Sept. 29, 2008
BERKELEY - Craig Morton, an All-America quarterback for Cal in the early 1960s who set nearly every school passing record during his college career, has been elected to the Bay Area Sports Hall of Fame, BASHOF president Thomas Martz announced Sunday.
The Class of 2009 also includes women's tennis legend Billie Jean King, football star Dave Casper and pitching great Gaylord Perry. They will be honored at BASHOF's 30th Annual Enshrinement Banquet on March 9, 2009, at the Westin St. Francis Hotel in San Francisco, joining 129 previous enshrinees. The dollars raised by the banquet and other BASHOF activities support "Help Kids Play Sports."
In his senior season at Cal in 1964, Morton earned first-team All-America honors and won the Pop Warner Award as the Most Valuable Player on the West Coast. A three-year starter, he finished his career with 4,501 passing yards, a Pac-8 record at the time and still among Cal's all-time leaders.
Morton was the fifth overall selection of the 1965 NFL Draft, taken by the Dallas Cowboys. He enjoyed an 18-year professional career that also included stints with the New York Giants and Denver Broncos. He remains the only quarterback in league history to start a Super Bowl with two different teams, the Cowboys in 1970 and the Broncos in 1977. In his next-to-last season, 1981, at age 38, Morton passed for more than 3,000 yards and 21 touchdowns.
Morton, now a major gifts officer in the Cal Athletic Development Office, was inducted into both the Cal Athletic Hall of Fame and National Football Foundation Hall of Fame in 1992.
Apart from ranking as the top women's player of her era and winning 12 Grand Slam events, including six Wimbledon and four U.S. Championships, Billie Jean King was an innovative leader in advancing the women's game. She was a major influence in the formation of the professional Virginia Slims Tour and the Women's Tennis Association. In 1973, she campaigned successfully to secure equal prize money for women at the U.S. Open. Her celebrated victory over 55-year-old Bobby Riggs in a $100,000 "Battle of the Sexes" challenge match earned further respect for the quality of women's tennis.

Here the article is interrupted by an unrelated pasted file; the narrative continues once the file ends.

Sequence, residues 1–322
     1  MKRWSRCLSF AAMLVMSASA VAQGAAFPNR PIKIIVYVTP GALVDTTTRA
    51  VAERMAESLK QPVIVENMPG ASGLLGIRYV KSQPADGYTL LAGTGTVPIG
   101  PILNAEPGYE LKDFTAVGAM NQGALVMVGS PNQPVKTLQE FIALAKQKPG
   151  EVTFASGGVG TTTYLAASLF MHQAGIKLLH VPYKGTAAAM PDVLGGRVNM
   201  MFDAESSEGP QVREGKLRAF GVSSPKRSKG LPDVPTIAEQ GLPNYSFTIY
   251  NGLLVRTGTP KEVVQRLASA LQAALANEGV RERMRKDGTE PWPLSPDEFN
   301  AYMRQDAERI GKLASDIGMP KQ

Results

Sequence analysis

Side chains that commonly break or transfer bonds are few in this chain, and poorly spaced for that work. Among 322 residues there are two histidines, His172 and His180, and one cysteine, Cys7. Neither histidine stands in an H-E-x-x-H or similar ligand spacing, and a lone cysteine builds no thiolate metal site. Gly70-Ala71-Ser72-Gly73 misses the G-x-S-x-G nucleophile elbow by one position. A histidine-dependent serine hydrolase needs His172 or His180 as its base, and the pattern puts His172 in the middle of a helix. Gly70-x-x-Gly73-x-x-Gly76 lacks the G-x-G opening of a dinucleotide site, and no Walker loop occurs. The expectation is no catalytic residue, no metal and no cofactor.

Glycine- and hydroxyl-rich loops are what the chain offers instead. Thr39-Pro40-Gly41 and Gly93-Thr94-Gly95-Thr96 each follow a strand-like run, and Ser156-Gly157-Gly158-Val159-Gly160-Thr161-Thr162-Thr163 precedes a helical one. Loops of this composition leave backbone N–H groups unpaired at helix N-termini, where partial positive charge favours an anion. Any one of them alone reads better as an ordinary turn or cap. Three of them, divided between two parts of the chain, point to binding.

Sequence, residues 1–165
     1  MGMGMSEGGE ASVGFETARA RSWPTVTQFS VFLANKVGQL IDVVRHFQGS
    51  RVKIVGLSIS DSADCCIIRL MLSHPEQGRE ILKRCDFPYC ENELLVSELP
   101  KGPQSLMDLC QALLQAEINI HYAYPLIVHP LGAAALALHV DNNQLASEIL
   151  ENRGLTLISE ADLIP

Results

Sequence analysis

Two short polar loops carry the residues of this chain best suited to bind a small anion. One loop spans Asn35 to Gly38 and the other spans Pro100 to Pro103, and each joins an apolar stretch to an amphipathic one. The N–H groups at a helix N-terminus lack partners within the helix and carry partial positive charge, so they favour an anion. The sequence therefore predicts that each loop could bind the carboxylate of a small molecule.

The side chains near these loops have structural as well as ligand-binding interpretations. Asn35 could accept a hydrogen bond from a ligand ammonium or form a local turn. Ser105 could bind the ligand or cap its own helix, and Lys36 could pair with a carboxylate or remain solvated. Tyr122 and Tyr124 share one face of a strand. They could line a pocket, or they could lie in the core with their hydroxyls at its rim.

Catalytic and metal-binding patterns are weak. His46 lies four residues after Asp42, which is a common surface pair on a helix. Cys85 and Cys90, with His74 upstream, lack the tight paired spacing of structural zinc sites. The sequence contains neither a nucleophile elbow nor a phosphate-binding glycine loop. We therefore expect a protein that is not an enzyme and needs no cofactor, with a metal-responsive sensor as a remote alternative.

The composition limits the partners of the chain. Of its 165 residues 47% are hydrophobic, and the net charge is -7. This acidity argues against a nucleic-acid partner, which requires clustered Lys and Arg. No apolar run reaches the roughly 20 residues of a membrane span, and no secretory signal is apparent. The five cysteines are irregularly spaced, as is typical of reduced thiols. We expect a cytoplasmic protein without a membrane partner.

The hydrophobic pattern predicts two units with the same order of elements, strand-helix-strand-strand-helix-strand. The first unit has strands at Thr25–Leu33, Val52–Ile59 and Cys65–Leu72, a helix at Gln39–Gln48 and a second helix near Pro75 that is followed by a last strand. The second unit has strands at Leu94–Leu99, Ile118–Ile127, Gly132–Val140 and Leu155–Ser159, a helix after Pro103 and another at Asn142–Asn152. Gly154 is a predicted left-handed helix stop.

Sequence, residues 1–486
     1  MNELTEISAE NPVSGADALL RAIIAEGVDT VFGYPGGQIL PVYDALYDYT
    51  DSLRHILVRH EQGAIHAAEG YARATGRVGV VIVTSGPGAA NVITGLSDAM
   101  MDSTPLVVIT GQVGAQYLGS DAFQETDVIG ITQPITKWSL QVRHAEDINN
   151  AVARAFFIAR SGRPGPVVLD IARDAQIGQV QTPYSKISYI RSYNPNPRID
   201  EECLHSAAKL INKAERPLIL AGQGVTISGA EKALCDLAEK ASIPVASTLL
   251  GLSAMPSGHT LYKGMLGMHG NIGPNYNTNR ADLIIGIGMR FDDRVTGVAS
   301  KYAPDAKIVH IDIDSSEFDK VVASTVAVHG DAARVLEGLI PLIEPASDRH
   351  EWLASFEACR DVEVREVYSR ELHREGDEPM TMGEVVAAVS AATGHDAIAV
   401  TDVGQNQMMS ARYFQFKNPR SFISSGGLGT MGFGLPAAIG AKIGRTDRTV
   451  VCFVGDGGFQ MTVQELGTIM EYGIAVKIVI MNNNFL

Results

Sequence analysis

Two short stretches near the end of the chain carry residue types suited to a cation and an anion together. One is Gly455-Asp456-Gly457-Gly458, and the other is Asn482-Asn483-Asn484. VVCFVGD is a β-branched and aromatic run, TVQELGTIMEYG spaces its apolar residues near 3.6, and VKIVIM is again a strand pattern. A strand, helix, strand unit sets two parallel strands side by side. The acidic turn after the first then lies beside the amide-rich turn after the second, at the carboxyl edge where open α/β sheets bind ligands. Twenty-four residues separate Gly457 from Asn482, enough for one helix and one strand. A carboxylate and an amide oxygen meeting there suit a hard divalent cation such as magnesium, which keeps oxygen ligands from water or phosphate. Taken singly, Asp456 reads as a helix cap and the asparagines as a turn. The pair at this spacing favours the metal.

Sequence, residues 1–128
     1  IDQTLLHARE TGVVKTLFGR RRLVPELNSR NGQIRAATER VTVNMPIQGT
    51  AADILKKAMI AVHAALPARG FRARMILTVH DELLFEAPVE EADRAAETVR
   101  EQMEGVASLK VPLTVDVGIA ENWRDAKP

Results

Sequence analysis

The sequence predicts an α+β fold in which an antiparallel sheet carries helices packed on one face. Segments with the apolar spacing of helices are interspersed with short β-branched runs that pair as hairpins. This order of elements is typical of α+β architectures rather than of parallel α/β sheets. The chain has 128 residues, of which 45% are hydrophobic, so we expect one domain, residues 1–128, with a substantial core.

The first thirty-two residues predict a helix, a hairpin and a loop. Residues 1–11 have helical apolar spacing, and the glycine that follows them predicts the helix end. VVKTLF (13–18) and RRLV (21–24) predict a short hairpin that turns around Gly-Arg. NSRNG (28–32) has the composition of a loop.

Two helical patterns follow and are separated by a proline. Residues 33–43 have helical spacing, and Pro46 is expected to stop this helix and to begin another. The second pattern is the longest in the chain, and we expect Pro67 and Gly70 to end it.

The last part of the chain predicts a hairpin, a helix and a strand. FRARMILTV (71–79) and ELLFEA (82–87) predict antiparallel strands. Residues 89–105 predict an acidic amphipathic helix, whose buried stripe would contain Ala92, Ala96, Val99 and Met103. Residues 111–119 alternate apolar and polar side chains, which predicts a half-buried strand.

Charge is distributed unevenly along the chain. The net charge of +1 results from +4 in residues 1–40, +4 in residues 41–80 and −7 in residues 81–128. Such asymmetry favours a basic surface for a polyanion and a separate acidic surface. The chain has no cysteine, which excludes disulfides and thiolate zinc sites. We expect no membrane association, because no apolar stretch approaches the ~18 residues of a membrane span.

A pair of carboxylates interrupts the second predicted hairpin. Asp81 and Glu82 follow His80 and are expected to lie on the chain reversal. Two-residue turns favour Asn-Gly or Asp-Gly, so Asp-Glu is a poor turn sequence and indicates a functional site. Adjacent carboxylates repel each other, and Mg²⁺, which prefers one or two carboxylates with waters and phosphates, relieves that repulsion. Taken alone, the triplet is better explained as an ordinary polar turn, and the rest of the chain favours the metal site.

Nicknamed "The Ghost" after the cartoon character also named Casper, Dave Casper played 10 seasons for the Oakland Raiders, establishing himself among the NFL's most dangerous receivers while playing tight end. He made famous the "Ghost to the Post" play with his spectacular catches and was selected to play in five Pro Bowls. He was a member of the Raiders' Super Bowl champion teams of 1977 and 1981, and scored the team's first touchdown on a pass from Ken Stabler in the 32-14 win over the Minnesota Vikings in 1977's Super Bowl XI.
Gaylord Perry began his 22-year major league career with the San Francisco Giants in 1962. Before the decade had ended, he and Juan Marichal had formed a one-two pitching punch comparable to the Dodgers' Sandy Koufax and Don Drysdale. Perry's breakout season was 1969, when he finished with a record of 21-8, the first of four 20-plus winning seasons he would enjoy. He won 134 games in 10 years with the Giants, a record second only to Marichal's. Those wins included a no-hitter against the Cardinals in 1968. In his travels after leaving the Giants by trade in 1972, he would win Cy Young trophies in both leagues, accumulate 314 career victories and notch 3,534 strikeouts. Perry was inducted into the National Baseball Hall of Fame in Cooperstown in 1991.
These four athletes were elected by a panel of 70 Bay Area journalists and broadcasters. For reservations and further information on BASHOF's Enshrinement Banquet, please contact the BASHOF office at 415-296-5607 or visit www.bashof.org.